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Publication numberUS5556281 A
Publication typeGrant
Application numberUS 08/197,903
Publication dateSep 17, 1996
Filing dateFeb 17, 1994
Priority dateFeb 17, 1994
Fee statusPaid
Also published asEP0668481A1, US5695341
Publication number08197903, 197903, US 5556281 A, US 5556281A, US-A-5556281, US5556281 A, US5556281A
InventorsMark R. FitzGerald, Craig T. Griffin
Original AssigneeMotorola, Inc.
Export CitationBiBTeX, EndNote, RefMan
External Links: USPTO, USPTO Assignment, Espacenet
Simulated area weapons effects display arrangement
US 5556281 A
Abstract
A method and apparatus controls the display of information for troops and vehicles in a simulated battlefield. Rounds of munition are fired into the simulated battlefield and the effects of such munitions are displayed on the troops and vehicles display devices. These display devices include character displays for troops and display screen for vehicles. The text character display may include such information as damage assessment, weapon type, miss distance and miss direction. A screen display may be used for a vehicle display. The screen display depicts similar information as for the text character display, but in a graphical representation via icons representing various battlefield effects.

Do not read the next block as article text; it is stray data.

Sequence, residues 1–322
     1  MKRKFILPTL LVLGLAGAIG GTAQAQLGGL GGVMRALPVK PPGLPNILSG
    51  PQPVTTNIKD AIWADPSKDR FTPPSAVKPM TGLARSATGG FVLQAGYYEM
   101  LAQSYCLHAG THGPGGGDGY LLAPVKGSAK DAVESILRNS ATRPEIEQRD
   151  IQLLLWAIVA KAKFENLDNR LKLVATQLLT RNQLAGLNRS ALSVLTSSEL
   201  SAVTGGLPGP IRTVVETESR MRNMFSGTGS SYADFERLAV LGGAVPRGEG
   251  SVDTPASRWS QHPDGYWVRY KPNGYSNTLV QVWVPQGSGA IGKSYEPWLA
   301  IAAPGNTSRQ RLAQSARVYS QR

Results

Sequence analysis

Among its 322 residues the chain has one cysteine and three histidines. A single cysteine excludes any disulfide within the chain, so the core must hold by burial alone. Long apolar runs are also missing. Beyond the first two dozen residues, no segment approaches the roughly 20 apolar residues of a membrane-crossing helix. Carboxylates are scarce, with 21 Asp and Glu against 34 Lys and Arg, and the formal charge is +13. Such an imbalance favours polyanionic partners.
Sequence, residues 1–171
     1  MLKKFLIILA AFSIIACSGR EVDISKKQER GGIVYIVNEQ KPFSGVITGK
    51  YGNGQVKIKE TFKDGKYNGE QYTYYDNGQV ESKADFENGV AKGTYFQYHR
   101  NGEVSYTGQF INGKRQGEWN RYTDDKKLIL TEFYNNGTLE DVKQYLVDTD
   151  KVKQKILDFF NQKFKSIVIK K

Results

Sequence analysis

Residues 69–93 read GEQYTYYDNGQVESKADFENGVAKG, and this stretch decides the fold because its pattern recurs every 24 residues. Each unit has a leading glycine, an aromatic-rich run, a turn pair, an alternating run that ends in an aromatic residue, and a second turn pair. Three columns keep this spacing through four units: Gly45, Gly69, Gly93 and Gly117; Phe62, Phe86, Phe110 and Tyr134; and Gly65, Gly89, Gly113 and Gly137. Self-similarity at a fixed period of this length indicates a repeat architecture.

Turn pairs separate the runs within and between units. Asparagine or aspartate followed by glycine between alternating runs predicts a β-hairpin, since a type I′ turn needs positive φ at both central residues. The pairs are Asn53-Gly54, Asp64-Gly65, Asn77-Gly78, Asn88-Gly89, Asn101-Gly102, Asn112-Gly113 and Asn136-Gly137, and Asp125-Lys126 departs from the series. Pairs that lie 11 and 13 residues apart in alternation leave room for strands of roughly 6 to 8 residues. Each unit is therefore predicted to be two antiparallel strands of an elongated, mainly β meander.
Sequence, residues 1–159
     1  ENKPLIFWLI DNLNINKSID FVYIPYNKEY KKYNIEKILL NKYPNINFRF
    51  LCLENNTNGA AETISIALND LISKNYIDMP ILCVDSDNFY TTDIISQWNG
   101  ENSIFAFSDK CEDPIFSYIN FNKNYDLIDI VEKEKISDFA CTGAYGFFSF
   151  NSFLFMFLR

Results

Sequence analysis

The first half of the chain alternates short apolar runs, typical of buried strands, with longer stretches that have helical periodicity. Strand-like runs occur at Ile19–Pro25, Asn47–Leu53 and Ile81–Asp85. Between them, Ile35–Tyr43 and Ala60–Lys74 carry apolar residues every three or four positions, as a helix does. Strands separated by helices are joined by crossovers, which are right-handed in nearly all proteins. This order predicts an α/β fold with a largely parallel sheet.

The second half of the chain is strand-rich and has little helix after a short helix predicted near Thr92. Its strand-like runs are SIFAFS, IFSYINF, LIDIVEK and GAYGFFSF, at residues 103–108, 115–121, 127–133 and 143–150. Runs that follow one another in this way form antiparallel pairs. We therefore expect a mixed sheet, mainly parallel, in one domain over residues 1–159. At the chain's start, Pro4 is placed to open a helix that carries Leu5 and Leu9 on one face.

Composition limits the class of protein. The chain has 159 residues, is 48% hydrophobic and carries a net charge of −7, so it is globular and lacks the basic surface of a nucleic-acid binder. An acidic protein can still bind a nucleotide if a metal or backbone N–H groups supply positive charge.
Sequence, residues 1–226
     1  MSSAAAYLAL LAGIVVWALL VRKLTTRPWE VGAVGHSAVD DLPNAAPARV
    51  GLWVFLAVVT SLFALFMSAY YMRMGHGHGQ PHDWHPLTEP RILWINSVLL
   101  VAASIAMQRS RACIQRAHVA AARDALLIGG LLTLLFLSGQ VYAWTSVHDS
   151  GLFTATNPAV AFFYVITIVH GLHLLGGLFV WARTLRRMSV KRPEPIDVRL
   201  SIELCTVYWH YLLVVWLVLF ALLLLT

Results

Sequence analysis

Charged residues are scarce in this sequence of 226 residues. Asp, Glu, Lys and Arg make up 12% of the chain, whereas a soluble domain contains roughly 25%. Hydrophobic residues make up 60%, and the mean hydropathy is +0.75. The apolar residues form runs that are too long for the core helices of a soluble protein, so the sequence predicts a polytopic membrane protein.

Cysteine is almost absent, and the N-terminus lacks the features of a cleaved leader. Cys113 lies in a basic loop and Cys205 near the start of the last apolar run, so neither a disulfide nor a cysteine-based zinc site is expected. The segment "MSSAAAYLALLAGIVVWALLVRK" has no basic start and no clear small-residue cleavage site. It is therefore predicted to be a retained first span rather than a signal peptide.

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Claims(12)
What is claimed is:
1. In a simulated area weapons effective system, a display method for providing information to troops and vehicles relative to simulated rounds of munition, said display method comprising the steps of:
providing to a processor by a position sensor a position of a troop or a vehicle:
receiving by a data link information of a simulated round of munition;
receiving by the processor the information from the data link;
displaying by a display device the information relating to said simulated round of munition; and
said step of displaying including a step of displaying a graphical representation of all simulated rounds of munition within a predefined proximity of said display device from an observer's line-of-sight.
2. In a simulated area weapons effective system, a display method as claimed in claim 1, there is further included the steps of: